batmanvsupermanposterRelease Date: March 25, 2016
Running Time: 2 hours 33 minutes
Directed by: Zach Snyder
Rated: PG-13 for intense sequences of violence & action 
Starring: Ben Affleck as Bruce Wayne/Batman, Henry Cavill as Clark Kent/Superman, Amy Adams as Lois Lane, Jesse Eisenberg as Lex Luthor, Diane Lane as Martha Kent, Jeremy Irons as Alfred, Holly Hunter as Senator Finch, Scoot McNairy as Wallace Keefe, Laurence Fishburne as Perry White, Tao Okamoto as Mercy Graves, Kevin Costner as Jonathan Kent, Callan Mulvey as Anatoli Kynazev, & Gal Gadot as Diana Prince/Wonder Woman

Lives were changed the day Superman (Henry Cavil) fought against General Zod (Michael Shannon). A city was left broken and the world was left vulnerable. In doing the “right thing” Superman unintentionally caused an upheaval in Metropolis that resounded across the globe. The victims of the battle have cried out for justice and Billionaire Bruce Wayne (Ben Affleck) has come to answer that call. He does this as his caped dark persona Batman, the figure of night. He isn’t just a man with the means and money he is also an orphan. Bruce loss his mother and father and he’ll do anything to make sure no else goes through that type of pain. Clark Kent is a newsperson even though his alter-ego Superman is called a “god among men” he is humble. He wants to protect his home, Earth and Lois Lane, (Amy Adams) the woman he loves. Wonder Woman (Gal Gadot) just wants to remain anonymous; covered in the shadows away from humanity. Lex Luthor (Jesse Eisenberg) is a wealthy mastermind. He is like a chess master watching every move; never missing a beat. Lex schemes to use the pain of others to gain what he really wants.

Batman V. Superman: Dawn Of JusticeBatman V Superman is a dreamscape of cinematography. Moments are memories. Words are like open windows where we the audience get a glimpse into a different reality, a reality where comic books become real. The death of Thomas Wayne (Jeffrey Dean Morgan) and Martha Wayne (Lauren Cohan) leave their child Bruce reeling in inescapable torment. This is illustrated with a slow motion pen that writes out every elegant detail. Thomas Wayne’s clinched leather glove tightly holds back young Bruce. Martha’s pearl necklace rains down to the cold concrete in front of their attacker. All the square inches of this drama sing out from the screen. The tension of the Batman versus Superman’s rivalry is clearer than the high definition screen its projected upon.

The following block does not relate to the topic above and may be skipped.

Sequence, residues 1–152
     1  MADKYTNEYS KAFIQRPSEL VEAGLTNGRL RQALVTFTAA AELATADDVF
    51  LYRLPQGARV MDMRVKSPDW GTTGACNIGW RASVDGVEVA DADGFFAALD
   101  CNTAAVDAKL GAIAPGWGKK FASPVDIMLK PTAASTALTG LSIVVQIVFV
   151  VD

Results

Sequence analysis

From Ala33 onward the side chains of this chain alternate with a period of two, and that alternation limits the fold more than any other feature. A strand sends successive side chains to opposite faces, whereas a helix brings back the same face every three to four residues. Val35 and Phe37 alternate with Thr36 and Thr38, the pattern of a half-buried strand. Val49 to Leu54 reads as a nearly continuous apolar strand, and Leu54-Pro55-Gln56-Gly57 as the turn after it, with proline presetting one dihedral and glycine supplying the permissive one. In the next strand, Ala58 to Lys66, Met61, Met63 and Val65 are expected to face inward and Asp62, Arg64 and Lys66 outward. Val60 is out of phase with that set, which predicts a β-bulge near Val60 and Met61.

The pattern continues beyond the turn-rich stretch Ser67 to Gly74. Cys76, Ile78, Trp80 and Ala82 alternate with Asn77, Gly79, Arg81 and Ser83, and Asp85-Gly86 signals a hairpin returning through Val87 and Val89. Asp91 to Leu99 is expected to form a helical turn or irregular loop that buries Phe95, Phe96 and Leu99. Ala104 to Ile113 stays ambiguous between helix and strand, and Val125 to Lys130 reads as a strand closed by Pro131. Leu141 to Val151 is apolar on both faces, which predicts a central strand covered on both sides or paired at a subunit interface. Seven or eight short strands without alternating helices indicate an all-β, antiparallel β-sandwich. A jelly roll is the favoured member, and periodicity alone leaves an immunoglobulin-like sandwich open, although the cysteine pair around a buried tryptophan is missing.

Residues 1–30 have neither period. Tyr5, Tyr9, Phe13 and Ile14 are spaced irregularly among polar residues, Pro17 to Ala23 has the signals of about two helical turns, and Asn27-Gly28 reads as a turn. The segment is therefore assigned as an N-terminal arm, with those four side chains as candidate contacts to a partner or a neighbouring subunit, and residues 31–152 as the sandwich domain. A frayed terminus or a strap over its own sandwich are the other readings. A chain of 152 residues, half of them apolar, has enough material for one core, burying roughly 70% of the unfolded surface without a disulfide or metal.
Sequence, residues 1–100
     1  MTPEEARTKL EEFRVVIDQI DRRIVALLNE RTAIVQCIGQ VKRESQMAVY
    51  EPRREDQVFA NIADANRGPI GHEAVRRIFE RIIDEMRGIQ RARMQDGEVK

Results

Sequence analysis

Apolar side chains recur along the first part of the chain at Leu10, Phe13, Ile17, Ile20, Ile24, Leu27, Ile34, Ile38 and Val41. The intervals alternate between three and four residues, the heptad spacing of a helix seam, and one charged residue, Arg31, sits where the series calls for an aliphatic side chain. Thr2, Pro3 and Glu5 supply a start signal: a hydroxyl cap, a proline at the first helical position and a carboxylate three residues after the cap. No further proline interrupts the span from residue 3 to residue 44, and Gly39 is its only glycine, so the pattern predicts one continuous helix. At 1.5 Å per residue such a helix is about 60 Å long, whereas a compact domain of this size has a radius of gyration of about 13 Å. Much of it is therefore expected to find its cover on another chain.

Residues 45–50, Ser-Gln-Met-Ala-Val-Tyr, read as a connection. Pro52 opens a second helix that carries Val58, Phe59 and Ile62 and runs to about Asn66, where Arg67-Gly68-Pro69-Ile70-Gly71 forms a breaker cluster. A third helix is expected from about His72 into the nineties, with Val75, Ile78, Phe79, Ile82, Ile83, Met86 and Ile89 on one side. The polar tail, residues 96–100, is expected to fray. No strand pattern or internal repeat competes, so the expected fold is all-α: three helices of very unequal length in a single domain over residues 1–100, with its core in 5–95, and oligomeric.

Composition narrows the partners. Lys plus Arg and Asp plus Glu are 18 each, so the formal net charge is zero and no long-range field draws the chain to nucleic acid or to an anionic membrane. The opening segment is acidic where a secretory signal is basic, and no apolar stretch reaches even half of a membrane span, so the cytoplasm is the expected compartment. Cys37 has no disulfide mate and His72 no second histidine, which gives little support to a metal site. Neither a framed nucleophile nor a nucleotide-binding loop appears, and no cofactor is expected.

Batman V. Superman: Dawn Of JusticeMy conclusion is that the director Zack Snyder (300, Watchmen) is a cinematic wizard. His movie magic has continued since his motion picture “Man of Steel” from 2013. All of the brilliant energies, graphic impacts of action and climatic reflections from before were conjured into this new film. The supporting cast is a garden of stars Laurence Fishburne as Perry White, Holly Hunter as Senator Finch, Jeremy Irons as Alfred, Diane Lane as Martha Kent, Callan Mulvey as Anatoli Knyazev these are just some of the familiar faces. There are also other comic book favorites from the DC world that will catch everyone’s attention. Ben Affleck was highly doubted as being the new Batman and he nailed it. The shuddering chill of loss surrounded his character. It was really who he was as a person and as a determined individual. Superman didn’t stray from the personality that was first shown in “Man of Steel.” Henry Cavill extended Clark Kent to be human and Superman to be the strongest hope on a day of doom. Jesse Eisenberg’s Lex Luther was jittery and calculating, I felt from his first appearance that he had a spider web of deceit but I had no clue how intelligently it was designed. His assistant Mercy Graves (Tao Okamoto) also appeared in a notable way. Most surprising to me though, was the representation of Wonder Woman. Since Linda Carter‘s portrayal from the famed TV show, there has been an empty space for the heroine. Gal Gadot has picked up the vacant lasso of truth and she wasn’t a cutesy-glorified-cheerleader. She was beautiful and strong. She could of easily taken over the film if it weren’t for the steady balance between the depth of Batman’s justice and the weight of Superman’s responsibility. When the credits rolled it felt like I woke up from an action packed dream. In my opinion this is DC’s answer to Marvel’s Avengers. For comic book fans this upped the bar, which mean movies are going to get a lot more interesting. ~ Perry Boyd

He has the power to wipe out the entire human race. If we believe that there is even a 1% chance that he is our enemy then we have to take it as an absolute certainty.